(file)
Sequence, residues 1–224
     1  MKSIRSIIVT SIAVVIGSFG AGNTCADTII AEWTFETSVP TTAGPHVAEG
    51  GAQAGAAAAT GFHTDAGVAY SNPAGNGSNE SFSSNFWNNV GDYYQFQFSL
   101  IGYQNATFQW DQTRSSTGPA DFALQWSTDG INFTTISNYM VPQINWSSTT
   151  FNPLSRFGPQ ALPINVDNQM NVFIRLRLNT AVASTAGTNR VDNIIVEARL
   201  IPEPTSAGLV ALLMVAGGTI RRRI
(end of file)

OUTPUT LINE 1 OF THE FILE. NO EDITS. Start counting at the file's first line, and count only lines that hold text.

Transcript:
Sequence, residues 1–224